The Mayor of London believes the government has “watered down” its bill to protect tenants against the increasing costs of renting a house.

The proposed Tenants Fees Bill makes laws banning landlords and letting agents from making certain financial requirements to people looking to rent properties.

But today the Mayor of London, Sadiq Khan branded it a “missed opportunity” to protect private renters in the capital.

He called on the government to cap deposits at now more than three weeks rent but now ministers have proposed a six-week cap.

He said: “Rising rents, ongoing insecurity, and in too many cases poor quality housing makes the 2.4 million private renters in London amongst those worst-affected by the housing crisis.”

The Mayor also said that the proposed bill contains “loopholes” and formalises agents’ abilities to charge renters extra for basic services – such as responding to emergency call outs.

Mr Khan added: “By backtracking on proposals and watering down the strength of this Bill, Ministers are in danger of opening the door to an entirely new culture of exploitation, with the legislation left unfit for purpose and simply a missed opportunity to truly help renters.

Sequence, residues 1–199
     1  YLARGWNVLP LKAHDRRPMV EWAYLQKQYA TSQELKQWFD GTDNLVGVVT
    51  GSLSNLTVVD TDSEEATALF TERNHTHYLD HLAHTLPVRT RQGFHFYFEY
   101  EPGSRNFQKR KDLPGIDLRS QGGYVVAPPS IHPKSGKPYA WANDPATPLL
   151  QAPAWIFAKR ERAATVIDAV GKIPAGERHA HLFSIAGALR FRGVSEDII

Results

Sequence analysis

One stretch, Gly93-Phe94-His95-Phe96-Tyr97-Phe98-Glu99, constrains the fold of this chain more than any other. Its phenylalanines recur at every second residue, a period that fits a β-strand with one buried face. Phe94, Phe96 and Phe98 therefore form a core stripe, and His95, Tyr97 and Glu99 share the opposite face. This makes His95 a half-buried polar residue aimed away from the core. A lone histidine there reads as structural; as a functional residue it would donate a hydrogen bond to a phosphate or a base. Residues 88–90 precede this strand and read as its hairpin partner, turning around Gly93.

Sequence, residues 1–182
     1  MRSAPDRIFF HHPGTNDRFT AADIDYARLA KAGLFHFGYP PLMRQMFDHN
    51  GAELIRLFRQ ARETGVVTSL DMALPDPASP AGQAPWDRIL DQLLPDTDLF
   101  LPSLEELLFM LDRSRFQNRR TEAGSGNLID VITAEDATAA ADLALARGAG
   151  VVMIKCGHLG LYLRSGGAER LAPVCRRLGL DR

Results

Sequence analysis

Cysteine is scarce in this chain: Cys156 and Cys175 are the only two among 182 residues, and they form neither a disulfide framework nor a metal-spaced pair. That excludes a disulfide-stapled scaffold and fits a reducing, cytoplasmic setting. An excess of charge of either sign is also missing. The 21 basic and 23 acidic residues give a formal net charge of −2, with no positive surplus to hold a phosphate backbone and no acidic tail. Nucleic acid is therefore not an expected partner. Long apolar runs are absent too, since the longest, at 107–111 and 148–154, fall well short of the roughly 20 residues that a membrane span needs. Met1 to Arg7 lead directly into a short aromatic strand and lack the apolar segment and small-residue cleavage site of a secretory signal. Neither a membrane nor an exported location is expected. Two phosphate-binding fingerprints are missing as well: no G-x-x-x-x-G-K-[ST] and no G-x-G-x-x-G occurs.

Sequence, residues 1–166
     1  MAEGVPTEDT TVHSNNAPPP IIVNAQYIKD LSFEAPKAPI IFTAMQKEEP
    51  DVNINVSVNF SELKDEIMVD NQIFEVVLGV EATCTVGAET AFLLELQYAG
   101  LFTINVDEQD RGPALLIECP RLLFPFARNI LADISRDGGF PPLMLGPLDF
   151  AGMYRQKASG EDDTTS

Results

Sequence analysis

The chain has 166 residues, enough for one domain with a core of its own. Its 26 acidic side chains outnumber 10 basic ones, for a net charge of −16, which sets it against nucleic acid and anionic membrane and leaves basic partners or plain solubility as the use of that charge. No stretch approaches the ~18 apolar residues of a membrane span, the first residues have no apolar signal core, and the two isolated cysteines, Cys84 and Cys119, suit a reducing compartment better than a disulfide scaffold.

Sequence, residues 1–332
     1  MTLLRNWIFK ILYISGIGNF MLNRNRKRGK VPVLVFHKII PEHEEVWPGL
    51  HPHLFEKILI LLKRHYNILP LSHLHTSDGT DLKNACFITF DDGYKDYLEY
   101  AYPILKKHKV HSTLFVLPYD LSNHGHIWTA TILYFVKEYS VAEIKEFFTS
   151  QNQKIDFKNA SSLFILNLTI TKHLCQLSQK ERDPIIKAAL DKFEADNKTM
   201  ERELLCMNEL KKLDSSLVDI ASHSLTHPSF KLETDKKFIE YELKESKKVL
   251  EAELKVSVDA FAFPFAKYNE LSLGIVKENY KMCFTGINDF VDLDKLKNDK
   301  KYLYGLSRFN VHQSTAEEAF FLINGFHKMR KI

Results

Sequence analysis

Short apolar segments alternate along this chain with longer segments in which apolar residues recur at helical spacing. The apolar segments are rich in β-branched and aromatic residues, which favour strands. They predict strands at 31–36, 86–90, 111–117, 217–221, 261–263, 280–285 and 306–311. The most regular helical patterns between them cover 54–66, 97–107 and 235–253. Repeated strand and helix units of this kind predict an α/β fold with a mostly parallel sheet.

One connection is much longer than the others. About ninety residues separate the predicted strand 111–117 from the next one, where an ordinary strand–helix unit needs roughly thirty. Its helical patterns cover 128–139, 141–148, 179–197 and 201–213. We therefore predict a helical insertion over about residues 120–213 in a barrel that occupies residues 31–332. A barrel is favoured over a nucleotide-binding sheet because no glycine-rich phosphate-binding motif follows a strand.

“This is just one area of housing where Ministers are letting people down, both in London and across the country.”

Mr Khan and charities campaigning for better rent controls – Crisis, Generation Rent and Citizens UK have written a letter to the Prime Minister setting out how they think private renting needs to be reformed.

They have called on the Government to make certain amendments to the bill before it is passed.

The amendments include capping rental deposits at three weeks’ rent and writing so-called “default fees” such as emergency calls outs into tenancy agreements.

Analysis from City Hall found that renters in London need to find nearly £3,700 each time they move home, compared with the nationwide average of £2,000.

Chief executive of Crisis Jon Sparkes, commenting on the joint letter, said: “Thousands of people across England are trying to move on from homelessness, but they have no way of finding a home.

“This is a desperate situation, and it’s all the worse because our research shows that homelessness can be ended with the right policies in place.”